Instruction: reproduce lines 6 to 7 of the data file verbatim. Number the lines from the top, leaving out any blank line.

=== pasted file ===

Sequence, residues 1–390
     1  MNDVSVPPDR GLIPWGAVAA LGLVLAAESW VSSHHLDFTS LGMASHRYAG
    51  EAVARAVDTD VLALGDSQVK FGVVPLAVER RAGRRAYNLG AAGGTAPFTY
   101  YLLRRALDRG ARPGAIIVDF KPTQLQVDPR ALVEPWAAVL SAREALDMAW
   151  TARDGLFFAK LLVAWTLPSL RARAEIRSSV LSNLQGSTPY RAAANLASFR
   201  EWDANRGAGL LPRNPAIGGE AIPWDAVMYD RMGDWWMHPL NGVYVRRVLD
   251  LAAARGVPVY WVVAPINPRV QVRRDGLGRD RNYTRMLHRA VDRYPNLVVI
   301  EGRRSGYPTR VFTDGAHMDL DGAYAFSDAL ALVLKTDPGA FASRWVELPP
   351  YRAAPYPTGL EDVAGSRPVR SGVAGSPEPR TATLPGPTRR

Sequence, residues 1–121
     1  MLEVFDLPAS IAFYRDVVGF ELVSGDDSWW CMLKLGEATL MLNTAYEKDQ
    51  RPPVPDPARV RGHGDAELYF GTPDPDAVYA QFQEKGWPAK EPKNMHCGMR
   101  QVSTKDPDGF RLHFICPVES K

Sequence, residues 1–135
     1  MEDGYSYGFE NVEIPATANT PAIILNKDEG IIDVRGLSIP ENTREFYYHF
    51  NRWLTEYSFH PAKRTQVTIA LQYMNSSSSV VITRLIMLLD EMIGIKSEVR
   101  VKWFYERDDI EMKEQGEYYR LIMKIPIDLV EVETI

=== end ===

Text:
   201  EWDANRGAGL LPRNPAIGGE AIPWDAVMYD RMGDWWMHPL NGVYVRRVLD
   251  LAAARGVPVY WVVAPINPRV QVRRDGLGRD RNYTRMLHRA VDRYPNLVVI